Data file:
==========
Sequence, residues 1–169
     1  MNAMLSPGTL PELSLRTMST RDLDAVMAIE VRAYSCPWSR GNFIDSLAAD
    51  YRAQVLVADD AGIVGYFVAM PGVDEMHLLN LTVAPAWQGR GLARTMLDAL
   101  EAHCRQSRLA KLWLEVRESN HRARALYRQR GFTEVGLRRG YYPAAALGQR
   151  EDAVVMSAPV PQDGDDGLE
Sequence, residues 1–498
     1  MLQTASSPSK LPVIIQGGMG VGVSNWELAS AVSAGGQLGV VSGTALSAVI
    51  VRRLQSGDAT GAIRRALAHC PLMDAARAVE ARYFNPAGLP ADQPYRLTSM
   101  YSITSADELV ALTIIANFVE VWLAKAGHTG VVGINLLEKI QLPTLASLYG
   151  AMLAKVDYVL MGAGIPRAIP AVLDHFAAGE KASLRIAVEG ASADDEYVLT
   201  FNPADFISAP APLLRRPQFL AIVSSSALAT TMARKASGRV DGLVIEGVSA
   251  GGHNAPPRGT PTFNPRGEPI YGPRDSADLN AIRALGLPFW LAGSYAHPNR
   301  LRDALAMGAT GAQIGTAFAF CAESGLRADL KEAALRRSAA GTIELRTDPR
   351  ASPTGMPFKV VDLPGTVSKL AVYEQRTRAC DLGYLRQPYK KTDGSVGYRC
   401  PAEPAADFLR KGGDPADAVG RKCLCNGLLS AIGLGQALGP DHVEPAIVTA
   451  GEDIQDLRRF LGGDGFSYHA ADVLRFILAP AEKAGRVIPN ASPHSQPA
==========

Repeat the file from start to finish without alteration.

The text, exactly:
Sequence, residues 1–169
     1  MNAMLSPGTL PELSLRTMST RDLDAVMAIE VRAYSCPWSR GNFIDSLAAD
    51  YRAQVLVADD AGIVGYFVAM PGVDEMHLLN LTVAPAWQGR GLARTMLDAL
   101  EAHCRQSRLA KLWLEVRESN HRARALYRQR GFTEVGLRRG YYPAAALGQR
   151  EDAVVMSAPV PQDGDDGLE
Sequence, residues 1–498
     1  MLQTASSPSK LPVIIQGGMG VGVSNWELAS AVSAGGQLGV VSGTALSAVI
    51  VRRLQSGDAT GAIRRALAHC PLMDAARAVE ARYFNPAGLP ADQPYRLTSM
   101  YSITSADELV ALTIIANFVE VWLAKAGHTG VVGINLLEKI QLPTLASLYG
   151  AMLAKVDYVL MGAGIPRAIP AVLDHFAAGE KASLRIAVEG ASADDEYVLT
   201  FNPADFISAP APLLRRPQFL AIVSSSALAT TMARKASGRV DGLVIEGVSA
   251  GGHNAPPRGT PTFNPRGEPI YGPRDSADLN AIRALGLPFW LAGSYAHPNR
   301  LRDALAMGAT GAQIGTAFAF CAESGLRADL KEAALRRSAA GTIELRTDPR
   351  ASPTGMPFKV VDLPGTVSKL AVYEQRTRAC DLGYLRQPYK KTDGSVGYRC
   401  PAEPAADFLR KGGDPADAVG RKCLCNGLLS AIGLGQALGP DHVEPAIVTA
   451  GEDIQDLRRF LGGDGFSYHA ADVLRFILAP AEKAGRVIPN ASPHSQPA